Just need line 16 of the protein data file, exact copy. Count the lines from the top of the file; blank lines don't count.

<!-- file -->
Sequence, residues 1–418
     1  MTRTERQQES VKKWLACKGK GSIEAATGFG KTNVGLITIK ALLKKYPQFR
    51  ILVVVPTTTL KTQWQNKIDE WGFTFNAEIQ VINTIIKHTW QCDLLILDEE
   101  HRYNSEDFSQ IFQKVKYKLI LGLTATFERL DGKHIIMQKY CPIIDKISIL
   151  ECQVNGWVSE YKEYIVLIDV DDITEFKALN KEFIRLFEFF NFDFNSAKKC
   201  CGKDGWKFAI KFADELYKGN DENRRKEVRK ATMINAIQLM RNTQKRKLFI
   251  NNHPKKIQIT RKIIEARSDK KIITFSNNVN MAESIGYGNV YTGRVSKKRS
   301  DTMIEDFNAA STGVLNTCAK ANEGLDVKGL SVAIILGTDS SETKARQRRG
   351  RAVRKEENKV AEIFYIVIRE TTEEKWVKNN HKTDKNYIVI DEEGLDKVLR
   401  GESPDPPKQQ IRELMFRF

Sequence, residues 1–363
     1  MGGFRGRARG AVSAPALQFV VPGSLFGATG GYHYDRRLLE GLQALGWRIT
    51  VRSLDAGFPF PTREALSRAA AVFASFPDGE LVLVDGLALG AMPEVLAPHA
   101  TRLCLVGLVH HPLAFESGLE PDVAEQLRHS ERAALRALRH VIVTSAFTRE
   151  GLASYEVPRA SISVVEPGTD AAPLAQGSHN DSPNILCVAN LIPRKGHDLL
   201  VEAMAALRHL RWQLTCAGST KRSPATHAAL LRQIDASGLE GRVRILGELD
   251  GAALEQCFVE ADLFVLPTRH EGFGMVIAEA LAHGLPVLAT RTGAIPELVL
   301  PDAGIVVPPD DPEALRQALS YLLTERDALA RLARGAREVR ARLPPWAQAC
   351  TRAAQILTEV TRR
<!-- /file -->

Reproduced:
   201  VEAMAALRHL RWQLTCAGST KRSPATHAAL LRQIDASGLE GRVRILGELD